This story appeared in the June 7th edition of News Leads, the week’s top ag stories sent out by the VFB Communications Department to media across the state.
The director of Virginia Cooperative Extension said that agency is steadily rebuilding its presence in county offices across Virginia after staffing cuts in recent years.
“I think we’re on the rebound, and good things are starting to happen,” Dr. Edwin Jones, an associate dean at Virginia Tech’s College of Agriculture and Life Sciences, told the Virginia Farm Bureau Federation board of directors at their May 24 meeting.
Farm Bureau has for some time maintained that localities in Virginia need at minimum one agriculture Extension agent, one 4-H agent and one administrative employee. The 2012 Virginia General Assembly appropriated an additional $500,000 for Extension funding for each of the fiscal years in the biennium, for a total of $1 million.
“It was good to hear that vacant Extension positions are being filled,” said VFBF President Wayne F. Pryor. “Having someone local who can address questions ranging from crop and livestock production to business planning to natural resource management is critical to maintaining a sustainable food production system in Virginia.”
Last July, Extension had 179 agents statewide. Jones said 68 agents have been hired since January, though not all are filling new positions. “We’ll be filling about another 10 with recent appropriations from the General Assembly,” he said.
Current staffing is nearly 220 agents—at least 90 agricultural and natural resources agents and at least 90 4-H agents. The others are family and consumer sciences agents.
“I’m thinking if we get around 230, we’ll have a pretty solid base,” Jones said. “I think the pressure will be off many of those who are trying to do more than they can do.”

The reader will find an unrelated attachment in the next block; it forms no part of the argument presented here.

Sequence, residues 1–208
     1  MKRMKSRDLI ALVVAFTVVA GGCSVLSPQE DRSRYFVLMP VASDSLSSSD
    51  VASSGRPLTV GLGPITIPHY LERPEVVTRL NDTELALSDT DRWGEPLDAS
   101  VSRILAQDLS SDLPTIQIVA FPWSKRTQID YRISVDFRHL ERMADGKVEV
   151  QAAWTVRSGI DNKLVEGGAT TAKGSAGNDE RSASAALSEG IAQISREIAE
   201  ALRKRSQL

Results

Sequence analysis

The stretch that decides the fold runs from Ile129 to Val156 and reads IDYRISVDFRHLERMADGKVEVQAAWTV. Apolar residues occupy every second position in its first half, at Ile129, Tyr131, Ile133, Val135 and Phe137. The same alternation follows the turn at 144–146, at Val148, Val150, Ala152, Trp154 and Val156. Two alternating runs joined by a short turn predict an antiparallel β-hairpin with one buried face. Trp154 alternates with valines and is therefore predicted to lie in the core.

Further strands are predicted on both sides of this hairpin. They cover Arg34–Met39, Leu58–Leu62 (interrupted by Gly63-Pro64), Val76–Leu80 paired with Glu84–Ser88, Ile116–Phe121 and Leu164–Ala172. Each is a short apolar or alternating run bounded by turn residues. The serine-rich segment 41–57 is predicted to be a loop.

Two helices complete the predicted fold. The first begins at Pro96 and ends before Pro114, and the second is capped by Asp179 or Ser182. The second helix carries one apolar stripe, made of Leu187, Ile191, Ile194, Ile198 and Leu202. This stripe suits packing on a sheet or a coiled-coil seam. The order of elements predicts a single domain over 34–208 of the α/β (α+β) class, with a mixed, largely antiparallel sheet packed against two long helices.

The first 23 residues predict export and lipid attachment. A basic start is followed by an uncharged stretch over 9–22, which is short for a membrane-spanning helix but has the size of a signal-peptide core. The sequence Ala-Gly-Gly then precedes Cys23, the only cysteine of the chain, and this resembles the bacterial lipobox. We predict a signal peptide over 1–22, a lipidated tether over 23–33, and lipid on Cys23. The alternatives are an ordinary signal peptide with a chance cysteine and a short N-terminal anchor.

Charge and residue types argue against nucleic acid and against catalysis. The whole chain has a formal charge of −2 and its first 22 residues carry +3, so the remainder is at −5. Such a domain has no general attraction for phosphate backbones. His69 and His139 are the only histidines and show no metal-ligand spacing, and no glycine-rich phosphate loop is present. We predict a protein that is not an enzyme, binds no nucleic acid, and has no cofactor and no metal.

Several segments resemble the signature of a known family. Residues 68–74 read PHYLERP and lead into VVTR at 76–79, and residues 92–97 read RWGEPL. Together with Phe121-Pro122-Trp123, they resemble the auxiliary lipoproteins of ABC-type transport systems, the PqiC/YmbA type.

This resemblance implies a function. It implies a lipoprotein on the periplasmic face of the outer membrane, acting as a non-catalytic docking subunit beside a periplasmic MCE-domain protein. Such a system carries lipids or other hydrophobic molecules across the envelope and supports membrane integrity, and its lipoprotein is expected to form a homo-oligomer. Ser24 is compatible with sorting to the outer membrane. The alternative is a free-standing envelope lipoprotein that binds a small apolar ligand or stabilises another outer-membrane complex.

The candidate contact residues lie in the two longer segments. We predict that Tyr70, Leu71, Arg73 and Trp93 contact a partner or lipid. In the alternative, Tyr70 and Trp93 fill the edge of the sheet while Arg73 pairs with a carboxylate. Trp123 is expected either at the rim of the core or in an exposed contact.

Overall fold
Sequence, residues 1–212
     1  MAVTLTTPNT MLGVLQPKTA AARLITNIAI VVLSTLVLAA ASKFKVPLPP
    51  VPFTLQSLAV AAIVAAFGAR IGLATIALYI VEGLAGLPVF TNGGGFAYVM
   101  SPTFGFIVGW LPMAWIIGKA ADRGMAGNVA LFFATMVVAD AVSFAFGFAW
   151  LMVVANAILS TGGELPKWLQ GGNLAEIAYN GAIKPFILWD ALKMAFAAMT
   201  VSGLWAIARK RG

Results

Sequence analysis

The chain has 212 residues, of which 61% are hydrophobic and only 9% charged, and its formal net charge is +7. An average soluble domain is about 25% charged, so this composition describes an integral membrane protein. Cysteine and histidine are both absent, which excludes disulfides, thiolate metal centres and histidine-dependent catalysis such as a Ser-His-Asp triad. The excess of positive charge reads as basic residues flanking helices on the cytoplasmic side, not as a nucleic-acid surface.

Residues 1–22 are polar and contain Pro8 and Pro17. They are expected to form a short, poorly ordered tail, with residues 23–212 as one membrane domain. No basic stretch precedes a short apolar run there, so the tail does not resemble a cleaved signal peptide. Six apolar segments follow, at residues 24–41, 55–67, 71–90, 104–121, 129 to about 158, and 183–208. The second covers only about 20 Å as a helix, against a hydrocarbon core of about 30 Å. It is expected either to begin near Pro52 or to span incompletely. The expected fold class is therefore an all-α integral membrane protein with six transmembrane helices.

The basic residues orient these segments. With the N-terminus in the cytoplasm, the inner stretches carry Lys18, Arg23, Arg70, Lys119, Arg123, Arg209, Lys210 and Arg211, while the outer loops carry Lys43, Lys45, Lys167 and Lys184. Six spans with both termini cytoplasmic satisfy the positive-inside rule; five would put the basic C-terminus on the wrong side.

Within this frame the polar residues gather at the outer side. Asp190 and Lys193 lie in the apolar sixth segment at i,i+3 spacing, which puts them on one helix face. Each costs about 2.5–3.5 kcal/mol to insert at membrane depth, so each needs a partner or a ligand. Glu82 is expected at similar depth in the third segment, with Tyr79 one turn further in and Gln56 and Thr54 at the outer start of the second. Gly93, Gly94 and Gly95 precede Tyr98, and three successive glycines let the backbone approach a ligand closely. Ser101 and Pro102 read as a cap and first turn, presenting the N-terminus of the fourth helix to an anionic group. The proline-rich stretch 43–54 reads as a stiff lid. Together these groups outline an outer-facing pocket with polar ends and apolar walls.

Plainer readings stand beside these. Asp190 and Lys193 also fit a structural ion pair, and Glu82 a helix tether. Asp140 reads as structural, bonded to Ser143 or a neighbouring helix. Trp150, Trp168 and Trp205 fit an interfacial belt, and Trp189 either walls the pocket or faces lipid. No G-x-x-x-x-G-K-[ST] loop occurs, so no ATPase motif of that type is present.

Through its local offices and specialized agents, Extension brings the resources of Virginia’s land-grant universities—Virginia Tech and Virginia State University—to consumers and farmers alike. Extension staff deliver programs through a network of 106 local, county and city offices, six 4-H educational centers and 12 Agricultural Research and Extension Centers.
In some counties, Jones noted, more than one ANR agent is needed, and when working with youth programs, “it’s really hard (for one agent) to do 4-H on a multi-county basis.” The FCS agents tend to serve four or five counties each, working with programs related to nutrition, parenting and family finances, among other topics.
Extension is funded through the cooperative efforts of local, state and federal governments. It’s a unique system, Jones said. “If we wanted to create it today, it wouldn’t happen.”
On average, he said Extension covers two-thirds of an agent’s salary, and the other third is paid by the locality or localities that agent serves. In most instances, he said, counties share the cost of an agent position, “and in some cases the county bears the entire cost of the agent.”